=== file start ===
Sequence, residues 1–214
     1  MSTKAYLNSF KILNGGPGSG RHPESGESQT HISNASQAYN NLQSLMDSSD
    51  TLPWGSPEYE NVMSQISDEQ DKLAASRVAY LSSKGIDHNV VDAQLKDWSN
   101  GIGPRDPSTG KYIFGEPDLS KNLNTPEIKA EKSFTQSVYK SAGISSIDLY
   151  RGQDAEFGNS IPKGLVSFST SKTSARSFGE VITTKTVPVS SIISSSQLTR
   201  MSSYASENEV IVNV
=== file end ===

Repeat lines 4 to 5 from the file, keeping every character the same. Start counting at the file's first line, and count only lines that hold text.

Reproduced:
   101  GIGPRDPSTG KYIFGEPDLS KNLNTPEIKA EKSFTQSVYK SAGISSIDLY
   151  RGQDAEFGNS IPKGLVSFST SKTSARSFGE VITTKTVPVS SIISSSQLTR